Sea Turtle By-Catch Reduction and Nesting Habitat Protection in Cape Coast, Ghana

14 Dec 2016 Cape Coast, Ghana, Africa Education | Marine | Turtles

Fredrick Ekow Jonah

Other projects

8 Sep 2014

Survey of Turtle Nesting Beaches and Conservation in the Cape Coast-Elmina Area of Ghana

This project seeks to protect and improve the nesting habitats of sea turtles through stakeholder education and beach cleaning exercises in Cape Coast, Ghana.

Beach cleanup in Cape Coast. Photo by Fredrick Jonah.

Beach cleanup in Cape Coast. Photo by Fredrick Jonah.

The principal project site is Cape Coast in the Central Region of Ghana and is expected to be carried out from 1st January to 31st December 2017. The proposed activities are meant to have the greatest positive impacts on sea turtles and their nesting habitats in the vicinity of Cape Coast. Three key activities will be used to achieve the project goals. These are:

Interview with a Chief Fisherman. Photo by Ernest Chuku.

Interview with a Chief Fisherman. Photo by Ernest Chuku.

1. Sea turtle by-catch release training:

Twelve by-catch release training exercises will be carried out in four communities to train 60 fishermen on proper handling and techniques for releasing entangled sea turtles in fishing gears to reduce mortalities and damage to gears. Fishermen will also be taught how to revive comatose turtles before release. These trainings will be carried out from April to July 2017.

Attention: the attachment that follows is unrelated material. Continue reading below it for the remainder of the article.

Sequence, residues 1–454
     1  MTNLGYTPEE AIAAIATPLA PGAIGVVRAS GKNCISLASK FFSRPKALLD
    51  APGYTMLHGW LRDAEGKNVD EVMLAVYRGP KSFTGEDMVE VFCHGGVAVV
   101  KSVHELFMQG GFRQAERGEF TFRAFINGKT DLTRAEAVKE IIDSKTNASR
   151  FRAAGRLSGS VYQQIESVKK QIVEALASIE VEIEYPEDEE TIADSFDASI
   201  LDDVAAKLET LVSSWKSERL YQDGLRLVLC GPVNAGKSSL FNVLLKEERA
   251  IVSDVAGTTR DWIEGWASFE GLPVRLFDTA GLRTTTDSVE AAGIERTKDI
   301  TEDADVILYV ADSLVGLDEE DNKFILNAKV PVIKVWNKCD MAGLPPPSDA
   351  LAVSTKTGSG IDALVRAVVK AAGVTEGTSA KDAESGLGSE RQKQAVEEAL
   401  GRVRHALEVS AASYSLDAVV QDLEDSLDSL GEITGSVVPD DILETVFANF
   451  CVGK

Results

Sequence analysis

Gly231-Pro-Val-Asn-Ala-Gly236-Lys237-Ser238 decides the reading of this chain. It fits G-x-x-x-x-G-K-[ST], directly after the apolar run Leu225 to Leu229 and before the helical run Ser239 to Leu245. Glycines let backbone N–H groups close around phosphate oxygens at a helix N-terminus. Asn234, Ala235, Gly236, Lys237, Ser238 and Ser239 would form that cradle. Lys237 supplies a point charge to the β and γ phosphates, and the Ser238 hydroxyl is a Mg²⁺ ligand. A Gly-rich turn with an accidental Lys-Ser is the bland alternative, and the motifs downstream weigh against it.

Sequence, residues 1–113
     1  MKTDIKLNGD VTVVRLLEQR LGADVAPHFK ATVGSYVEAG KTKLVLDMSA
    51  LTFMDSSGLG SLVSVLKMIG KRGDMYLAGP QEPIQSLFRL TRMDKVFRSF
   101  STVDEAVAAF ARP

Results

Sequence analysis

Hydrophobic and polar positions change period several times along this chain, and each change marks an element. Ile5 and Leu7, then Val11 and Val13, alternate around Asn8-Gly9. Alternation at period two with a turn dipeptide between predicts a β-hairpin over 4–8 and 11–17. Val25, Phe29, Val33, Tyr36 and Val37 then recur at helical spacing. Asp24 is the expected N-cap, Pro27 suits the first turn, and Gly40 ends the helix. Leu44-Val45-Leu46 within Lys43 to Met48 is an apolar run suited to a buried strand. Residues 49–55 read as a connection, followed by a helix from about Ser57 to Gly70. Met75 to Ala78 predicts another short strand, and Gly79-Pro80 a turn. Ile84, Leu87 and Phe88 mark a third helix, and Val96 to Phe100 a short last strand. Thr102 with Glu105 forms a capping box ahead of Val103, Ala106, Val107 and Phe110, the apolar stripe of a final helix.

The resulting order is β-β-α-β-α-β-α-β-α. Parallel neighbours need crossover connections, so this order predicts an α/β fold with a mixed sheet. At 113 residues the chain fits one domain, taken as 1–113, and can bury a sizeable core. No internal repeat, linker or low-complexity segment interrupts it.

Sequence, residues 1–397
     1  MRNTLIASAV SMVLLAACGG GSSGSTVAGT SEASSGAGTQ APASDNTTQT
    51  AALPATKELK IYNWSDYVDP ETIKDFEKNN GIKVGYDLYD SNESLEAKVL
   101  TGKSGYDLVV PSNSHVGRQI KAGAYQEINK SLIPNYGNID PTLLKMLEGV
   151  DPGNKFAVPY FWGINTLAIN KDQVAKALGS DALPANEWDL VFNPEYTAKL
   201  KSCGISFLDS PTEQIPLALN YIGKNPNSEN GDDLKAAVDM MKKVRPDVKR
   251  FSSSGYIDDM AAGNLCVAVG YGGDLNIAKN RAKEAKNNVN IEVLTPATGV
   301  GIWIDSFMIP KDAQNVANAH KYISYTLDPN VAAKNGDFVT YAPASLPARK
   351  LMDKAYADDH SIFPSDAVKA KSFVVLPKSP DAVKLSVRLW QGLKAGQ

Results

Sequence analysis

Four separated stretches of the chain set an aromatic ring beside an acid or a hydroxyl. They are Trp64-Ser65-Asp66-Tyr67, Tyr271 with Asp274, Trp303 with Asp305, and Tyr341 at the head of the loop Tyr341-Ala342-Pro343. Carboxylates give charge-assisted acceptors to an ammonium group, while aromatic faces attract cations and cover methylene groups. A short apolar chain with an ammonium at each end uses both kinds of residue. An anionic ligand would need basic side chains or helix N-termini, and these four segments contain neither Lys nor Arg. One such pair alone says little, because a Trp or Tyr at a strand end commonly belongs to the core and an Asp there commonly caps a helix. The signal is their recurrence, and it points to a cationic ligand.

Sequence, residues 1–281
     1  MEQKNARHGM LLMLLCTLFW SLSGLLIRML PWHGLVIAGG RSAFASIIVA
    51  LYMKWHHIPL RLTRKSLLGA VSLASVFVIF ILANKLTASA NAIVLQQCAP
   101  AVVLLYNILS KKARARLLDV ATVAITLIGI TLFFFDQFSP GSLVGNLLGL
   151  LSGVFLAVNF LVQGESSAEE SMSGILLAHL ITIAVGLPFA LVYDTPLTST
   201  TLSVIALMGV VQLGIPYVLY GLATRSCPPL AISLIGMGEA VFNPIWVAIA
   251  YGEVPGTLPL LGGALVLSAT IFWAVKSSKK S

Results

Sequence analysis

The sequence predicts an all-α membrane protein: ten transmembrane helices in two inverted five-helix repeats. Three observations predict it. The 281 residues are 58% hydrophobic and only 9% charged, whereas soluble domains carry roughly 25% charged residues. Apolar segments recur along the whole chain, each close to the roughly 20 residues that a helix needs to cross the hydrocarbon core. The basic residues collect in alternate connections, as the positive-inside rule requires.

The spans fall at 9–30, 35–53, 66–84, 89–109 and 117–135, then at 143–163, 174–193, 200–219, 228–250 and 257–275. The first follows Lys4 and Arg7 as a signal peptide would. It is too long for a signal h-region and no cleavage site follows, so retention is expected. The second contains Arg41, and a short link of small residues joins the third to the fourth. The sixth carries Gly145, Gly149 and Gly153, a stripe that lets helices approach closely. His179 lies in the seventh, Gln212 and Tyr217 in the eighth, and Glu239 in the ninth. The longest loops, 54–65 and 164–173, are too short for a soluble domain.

2. Beach cleanups:

Monthly beach cleanup exercises will be carried out to clean one kilometer stretch of beach along the active 5 km sea turtle nesting area between Bakaano and the Kakum Estuary in Cape Coast. Local Assembly leaders and fishermen leaders will be included in the planning and execution of these programmes to ensure community participation and ownership. Beach cleanups will be conducted on each first Saturday of every month from January to December 2017.

3. Beach erosion documentaries:

Four documentaries on beach erosion and habitat loss will be completed and released monthly from February through May 2015. These short documentaries will culminate almost ten years of coastal erosion research; with large amounts of data already collected. This data include interviews of key community informants, several hours of field videos and hundreds of field photographs and interviews that has documented human contributions to changes along several sections of Ghana’s coastline. Even though, the principal project site is Cape Coast, the documentaries will be disseminated beyond this area in order to achieve a larger understanding of the impacts of human activities on Ghana’s beaches and lead the discussion for proper coastal management.

At the end of the project, it is expected that sea turtle drowning in fishing gears will be reduced, with an increased involvement of fishermen and other stakeholders in sea turtle protection activities. It is also expected that local communities will take up regular beach cleaning exercises. Finally, it is expected that there will be an increased interest and actions to reduce beach sand mining activities along Cape Coast and adjoining shorelines.

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